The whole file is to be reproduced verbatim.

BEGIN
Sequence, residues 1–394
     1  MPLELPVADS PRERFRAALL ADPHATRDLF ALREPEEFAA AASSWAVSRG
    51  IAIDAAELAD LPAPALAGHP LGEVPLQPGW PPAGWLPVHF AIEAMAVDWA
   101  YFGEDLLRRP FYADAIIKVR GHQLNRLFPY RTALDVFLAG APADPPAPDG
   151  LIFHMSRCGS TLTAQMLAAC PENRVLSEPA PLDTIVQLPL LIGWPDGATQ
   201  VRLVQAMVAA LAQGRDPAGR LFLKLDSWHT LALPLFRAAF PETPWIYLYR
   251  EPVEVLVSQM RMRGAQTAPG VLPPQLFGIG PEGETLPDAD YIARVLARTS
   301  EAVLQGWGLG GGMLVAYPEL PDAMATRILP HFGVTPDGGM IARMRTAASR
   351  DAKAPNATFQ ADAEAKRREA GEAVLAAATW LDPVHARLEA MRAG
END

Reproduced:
Sequence, residues 1–394
     1  MPLELPVADS PRERFRAALL ADPHATRDLF ALREPEEFAA AASSWAVSRG
    51  IAIDAAELAD LPAPALAGHP LGEVPLQPGW PPAGWLPVHF AIEAMAVDWA
   101  YFGEDLLRRP FYADAIIKVR GHQLNRLFPY RTALDVFLAG APADPPAPDG
   151  LIFHMSRCGS TLTAQMLAAC PENRVLSEPA PLDTIVQLPL LIGWPDGATQ
   201  VRLVQAMVAA LAQGRDPAGR LFLKLDSWHT LALPLFRAAF PETPWIYLYR
   251  EPVEVLVSQM RMRGAQTAPG VLPPQLFGIG PEGETLPDAD YIARVLARTS
   301  EAVLQGWGLG GGMLVAYPEL PDAMATRILP HFGVTPDGGM IARMRTAASR
   351  DAKAPNATFQ ADAEAKRREA GEAVLAAATW LDPVHARLEA MRAG